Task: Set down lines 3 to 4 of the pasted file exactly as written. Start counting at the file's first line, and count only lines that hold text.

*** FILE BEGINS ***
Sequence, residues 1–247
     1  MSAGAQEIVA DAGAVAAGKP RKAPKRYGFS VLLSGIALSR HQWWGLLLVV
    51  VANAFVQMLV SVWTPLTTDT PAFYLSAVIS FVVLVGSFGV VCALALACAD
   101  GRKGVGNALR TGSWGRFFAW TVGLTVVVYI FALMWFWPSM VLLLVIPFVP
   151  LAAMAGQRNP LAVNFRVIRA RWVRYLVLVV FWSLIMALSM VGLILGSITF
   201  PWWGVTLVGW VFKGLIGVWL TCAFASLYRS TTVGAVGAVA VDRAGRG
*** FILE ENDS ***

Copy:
    51  VANAFVQMLV SVWTPLTTDT PAFYLSAVIS FVVLVGSFGV VCALALACAD
   101  GRKGVGNALR TGSWGRFFAW TVGLTVVVYI FALMWFWPSM VLLLVIPFVP